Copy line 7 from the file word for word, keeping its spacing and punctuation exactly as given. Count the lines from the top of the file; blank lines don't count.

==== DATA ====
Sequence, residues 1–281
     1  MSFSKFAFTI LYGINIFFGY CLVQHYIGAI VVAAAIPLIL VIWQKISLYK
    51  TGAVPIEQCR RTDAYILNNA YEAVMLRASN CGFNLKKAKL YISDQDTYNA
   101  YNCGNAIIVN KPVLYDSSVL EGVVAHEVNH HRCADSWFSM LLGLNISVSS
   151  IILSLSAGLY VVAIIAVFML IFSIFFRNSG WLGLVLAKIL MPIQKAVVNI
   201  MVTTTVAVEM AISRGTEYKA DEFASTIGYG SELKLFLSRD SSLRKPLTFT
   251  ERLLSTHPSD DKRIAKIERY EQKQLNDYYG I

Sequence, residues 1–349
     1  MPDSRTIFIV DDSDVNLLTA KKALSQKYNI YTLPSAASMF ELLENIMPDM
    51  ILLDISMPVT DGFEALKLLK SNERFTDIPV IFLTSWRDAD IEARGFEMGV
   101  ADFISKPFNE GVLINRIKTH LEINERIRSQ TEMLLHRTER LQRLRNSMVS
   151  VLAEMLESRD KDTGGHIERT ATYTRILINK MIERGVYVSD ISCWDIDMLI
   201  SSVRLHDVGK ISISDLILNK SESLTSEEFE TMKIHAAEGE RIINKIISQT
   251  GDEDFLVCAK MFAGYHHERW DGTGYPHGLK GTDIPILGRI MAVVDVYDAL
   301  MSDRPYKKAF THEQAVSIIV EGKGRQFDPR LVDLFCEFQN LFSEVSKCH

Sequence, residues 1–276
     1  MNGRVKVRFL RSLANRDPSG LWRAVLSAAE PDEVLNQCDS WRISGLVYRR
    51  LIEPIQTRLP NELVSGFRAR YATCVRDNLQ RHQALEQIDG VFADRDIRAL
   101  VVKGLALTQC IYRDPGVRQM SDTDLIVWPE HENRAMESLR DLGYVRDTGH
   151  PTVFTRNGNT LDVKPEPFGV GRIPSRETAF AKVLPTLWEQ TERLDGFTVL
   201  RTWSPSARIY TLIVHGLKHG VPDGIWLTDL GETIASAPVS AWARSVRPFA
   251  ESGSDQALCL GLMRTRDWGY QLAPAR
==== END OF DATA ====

   251  ERLLSTHPSD DKRIAKIERY EQKQLNDYYG I